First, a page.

In 17th-century France, Father Urbain Grandier seeks to protect the city of Loudun from the corrupt establishment of Cardinal Richelieu. Hysteria occurs within the city when he is accused of witchcraft by a sexually repressed nun.
The younger son of a working-class Jewish family in Montreal, Duddy Kravitz yearns to make a name for himself in society. This film chronicles his short and dubious rise to power, as well ... See full summary »
After a bank robbery, runaway Scottish outlaw Arch Deans and his young half breed Kiowa partner Billy Two Hats develop a father-son relationship but Sheriff Henry Gifford is determined to capture or kill them.
John Grant, a teacher working in the remote Australian town of Tiboonda, is under a financial bond with his Government job. At the end of term before Christmas holidays, he plans to visit his girlfriend in Sydney. In order to catch a flight to Sydney, he takes a train to the nearby mining town called Bundanyabba (or "The Yabba"), and plans to stay there overnight before moving on further to the airport. But things go grossly out of script as he is engulfed by the Yabba and its disconcerting residents.Written by
Director Ted Kotcheff recalled that Chips Rafferty, whose last film appearance this was, insisted on drinking real pints of beer during the bar sequences. Kotcheff substituted non-alcoholic beers for the real stuff, but Rafferty could tell immediately that it had no alcoholic content and demanded proper pints be served. He told Kotcheff: "You concentrate on the directing, I'll concentrate on the drinking." The director calculated that due to this, Rafferty was drinking up to 30 pints per day. See more »
As Grant leaves the hotel bar in Tiboonda, he takes one last swig of beer - leaving his glass half full. In the next shot, when the camera focuses on the interior of the bar, his glass is now empty. See more »
[checks his watch]
Alright, off you go.
[children clamour as they leave the classroom]
Happy Christmas, teacher!
Happy new year.
Thank you, Dave.
Give my love to your girlfriend in Sydney, sir.
I'll do that, Sam, thank you.
Have a happy holiday, sir.
[shakes his hand]
And you, Chris. Thank you. Enjoy yourself.
[...] See more »
Aside from changing the title to "Outback", all international prints credit Group W Films (the more-recognized American production partner) ahead of NLT Productions. With the restoration of the uncut Australian release, this has been reversed. See more »
In the original Australian release Gary Bond is shown naked during two shots. In the international version he is wearing underpants. See more »
Quite Possibly The Most Realistic Film I've Ever Seen
The first time I watched this, I really didn't know what to make of it; it was so different from any other film I had ever seen. It seemed as if it was filmed with virtually no budget, the sets and atmosphere were completely dingy, the setting and much of the language was foreign to me, and it felt like a kind of homemade independent film. However, upon a second viewing, I see it for the richly-textured masterpiece that it is, and for the awesome attention to detail that must have gone into it which I had taken for granted the first time.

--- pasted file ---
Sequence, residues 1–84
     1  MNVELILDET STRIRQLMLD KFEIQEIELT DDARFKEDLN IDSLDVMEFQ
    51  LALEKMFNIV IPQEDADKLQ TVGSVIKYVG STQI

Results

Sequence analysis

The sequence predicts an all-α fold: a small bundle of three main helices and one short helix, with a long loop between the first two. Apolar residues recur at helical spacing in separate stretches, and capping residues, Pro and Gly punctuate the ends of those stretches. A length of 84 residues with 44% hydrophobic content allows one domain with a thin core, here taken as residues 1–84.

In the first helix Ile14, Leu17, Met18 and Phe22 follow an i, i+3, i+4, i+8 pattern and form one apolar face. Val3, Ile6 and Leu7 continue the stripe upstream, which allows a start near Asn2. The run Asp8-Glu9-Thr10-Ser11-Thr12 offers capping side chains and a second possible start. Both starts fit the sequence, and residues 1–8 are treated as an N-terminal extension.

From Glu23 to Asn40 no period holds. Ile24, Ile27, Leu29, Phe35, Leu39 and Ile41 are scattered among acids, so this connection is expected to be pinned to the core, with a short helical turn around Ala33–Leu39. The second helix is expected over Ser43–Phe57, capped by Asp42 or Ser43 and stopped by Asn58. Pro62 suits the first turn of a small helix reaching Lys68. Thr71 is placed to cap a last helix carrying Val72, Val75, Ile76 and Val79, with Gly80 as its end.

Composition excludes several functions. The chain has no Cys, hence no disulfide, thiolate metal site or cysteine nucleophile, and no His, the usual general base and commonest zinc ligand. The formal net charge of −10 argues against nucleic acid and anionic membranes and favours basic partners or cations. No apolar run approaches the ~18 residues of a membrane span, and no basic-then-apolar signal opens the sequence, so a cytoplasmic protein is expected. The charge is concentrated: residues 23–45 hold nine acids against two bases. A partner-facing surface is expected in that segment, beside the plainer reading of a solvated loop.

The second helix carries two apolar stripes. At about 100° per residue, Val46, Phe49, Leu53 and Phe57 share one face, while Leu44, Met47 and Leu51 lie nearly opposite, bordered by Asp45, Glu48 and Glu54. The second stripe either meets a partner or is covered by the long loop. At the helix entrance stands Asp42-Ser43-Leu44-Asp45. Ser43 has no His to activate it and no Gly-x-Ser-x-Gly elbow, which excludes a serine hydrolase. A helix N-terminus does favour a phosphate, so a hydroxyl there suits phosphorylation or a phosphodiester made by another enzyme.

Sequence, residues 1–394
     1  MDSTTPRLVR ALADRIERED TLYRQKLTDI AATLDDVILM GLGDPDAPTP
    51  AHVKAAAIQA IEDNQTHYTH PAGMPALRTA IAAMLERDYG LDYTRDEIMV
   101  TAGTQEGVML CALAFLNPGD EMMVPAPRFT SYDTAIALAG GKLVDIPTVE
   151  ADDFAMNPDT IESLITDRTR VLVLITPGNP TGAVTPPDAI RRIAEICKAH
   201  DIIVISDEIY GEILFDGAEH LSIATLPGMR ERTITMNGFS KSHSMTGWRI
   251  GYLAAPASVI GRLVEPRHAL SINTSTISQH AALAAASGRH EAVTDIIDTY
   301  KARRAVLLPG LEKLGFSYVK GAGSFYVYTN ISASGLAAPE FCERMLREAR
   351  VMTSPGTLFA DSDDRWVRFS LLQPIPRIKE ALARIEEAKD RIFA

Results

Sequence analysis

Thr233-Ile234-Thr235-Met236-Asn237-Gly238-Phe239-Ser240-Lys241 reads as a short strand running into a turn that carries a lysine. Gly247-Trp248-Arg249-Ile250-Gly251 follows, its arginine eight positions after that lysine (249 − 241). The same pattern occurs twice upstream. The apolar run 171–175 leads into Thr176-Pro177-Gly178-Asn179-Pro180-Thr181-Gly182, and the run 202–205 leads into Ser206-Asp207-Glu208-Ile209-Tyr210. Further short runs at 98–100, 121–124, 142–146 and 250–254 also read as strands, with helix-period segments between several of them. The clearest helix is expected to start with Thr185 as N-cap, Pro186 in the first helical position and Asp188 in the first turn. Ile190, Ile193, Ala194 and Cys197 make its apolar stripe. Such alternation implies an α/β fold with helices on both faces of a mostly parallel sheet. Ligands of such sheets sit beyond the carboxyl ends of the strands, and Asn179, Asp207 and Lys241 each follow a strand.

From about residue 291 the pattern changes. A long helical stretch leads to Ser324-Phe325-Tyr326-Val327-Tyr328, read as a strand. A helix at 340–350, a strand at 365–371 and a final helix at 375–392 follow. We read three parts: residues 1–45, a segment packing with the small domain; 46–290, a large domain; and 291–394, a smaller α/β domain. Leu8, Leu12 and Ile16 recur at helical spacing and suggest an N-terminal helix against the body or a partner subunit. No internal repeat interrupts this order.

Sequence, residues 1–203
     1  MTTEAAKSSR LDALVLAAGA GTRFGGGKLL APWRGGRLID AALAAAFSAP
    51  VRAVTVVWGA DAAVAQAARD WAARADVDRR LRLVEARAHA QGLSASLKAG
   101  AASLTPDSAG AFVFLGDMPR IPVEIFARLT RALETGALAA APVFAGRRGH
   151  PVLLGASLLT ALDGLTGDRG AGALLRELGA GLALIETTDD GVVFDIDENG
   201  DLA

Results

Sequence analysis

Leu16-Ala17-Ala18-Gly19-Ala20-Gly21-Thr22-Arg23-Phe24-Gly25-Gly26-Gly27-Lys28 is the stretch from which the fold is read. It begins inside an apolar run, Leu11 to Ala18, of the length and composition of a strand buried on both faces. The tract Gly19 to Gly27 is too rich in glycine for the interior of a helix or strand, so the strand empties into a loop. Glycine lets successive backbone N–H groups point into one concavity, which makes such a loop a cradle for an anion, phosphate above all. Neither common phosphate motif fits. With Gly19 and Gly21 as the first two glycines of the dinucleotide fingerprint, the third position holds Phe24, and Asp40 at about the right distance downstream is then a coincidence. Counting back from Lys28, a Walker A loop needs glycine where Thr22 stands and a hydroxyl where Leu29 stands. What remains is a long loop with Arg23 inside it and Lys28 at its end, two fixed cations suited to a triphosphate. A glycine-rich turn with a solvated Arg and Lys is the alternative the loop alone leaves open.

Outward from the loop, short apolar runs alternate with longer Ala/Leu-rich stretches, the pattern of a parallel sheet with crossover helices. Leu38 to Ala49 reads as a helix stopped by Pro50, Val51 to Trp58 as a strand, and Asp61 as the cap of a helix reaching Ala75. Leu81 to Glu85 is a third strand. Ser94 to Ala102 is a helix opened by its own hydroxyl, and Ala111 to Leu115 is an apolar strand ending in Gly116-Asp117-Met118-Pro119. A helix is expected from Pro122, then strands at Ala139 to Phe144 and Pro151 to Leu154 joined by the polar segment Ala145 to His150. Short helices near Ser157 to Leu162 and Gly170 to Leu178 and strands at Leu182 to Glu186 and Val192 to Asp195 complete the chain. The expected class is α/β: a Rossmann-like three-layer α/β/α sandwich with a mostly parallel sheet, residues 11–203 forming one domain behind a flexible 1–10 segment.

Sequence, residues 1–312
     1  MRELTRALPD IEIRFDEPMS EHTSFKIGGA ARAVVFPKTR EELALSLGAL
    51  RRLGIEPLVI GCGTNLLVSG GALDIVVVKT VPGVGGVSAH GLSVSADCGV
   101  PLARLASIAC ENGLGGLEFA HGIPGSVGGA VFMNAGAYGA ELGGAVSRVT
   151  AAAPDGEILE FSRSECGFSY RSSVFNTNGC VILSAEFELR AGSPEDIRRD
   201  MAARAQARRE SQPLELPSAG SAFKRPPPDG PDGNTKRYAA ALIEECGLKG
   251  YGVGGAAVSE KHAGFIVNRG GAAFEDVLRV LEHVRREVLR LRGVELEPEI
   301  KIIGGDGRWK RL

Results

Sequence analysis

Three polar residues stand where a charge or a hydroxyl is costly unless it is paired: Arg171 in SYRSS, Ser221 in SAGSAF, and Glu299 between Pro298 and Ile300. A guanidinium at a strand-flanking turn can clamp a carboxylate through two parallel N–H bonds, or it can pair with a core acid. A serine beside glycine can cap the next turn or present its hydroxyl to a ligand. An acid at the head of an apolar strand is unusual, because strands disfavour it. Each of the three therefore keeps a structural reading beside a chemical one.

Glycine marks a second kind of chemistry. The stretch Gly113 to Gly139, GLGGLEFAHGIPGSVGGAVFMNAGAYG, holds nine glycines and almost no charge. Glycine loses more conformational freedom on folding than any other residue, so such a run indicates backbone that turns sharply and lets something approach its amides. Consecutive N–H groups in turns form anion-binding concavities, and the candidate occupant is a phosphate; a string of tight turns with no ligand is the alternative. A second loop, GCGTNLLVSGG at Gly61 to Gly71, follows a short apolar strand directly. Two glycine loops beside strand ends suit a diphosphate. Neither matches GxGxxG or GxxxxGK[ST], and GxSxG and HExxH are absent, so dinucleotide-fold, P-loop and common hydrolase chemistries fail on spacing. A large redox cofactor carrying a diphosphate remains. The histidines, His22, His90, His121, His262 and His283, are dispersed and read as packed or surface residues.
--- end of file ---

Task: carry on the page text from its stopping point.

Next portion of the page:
There have been other films with similar subject matter in alternate settings of cultured men reduced to a kind of forgotten primitivity, but I think the thing that sets this movie apart is the fact that director Ted Kotcheff remains completely neutral toward all of the characters - both the cultured schoolteacher as well as the locals. By the end of the film, no character remains unscathed, and yet no character is completely without sympathy, either. It must be quite difficult for a director to remain impartial, especially when most stories require audience sympathy for a protagonist versus an antagonist for story momentum. This impartiality establishes an incredible realism in the film which is difficult to shake off. Here, as in life, things just happen to the main character organically - whether there is any rhyme, reason, or moral to any of it is the complete burden of the audience to figure out.
Another key aspect to the film is its universality. Most people would like to believe that in the modern world, and especially a modern country such as Australia or the U.S, that such ugly colloquial primitivity has been largely purged from polite society, but they would be quite wrong. I can equate some of my own personal experiences with those of the main character in this film, and so felt an uncomfortable recognition as I was watching this. Moroever, virtually every scene in the film I could envision actually occurring - something I cannot say about any other I can think of. Sam Peckinpah's filmic explorations of perverse masculinity, some of Samuel Fuller's work, and "Deliverance" are the only movies that achieve something close to the kind of effect this movie has, and even Peckinpah felt the need to resort to flashy cinematic stylistics to get his points across.
This movie has not aged one bit, and probably never will. It is a tragedy that it has all but disappeared even in its own country of Australia. Director Kotcheff displayed an amazing early talent; it is too bad that his career never reached another peak like this - even in "First Blood" and "Uncommon Valor" - two of his other films with similar themes. And that the same man ended up directing "Weekend at Bernie's" and episodes of "Zalman King's Red Shoe Diaries"!!! The world is a crazy place, and one need only watch this film to realize this fact.
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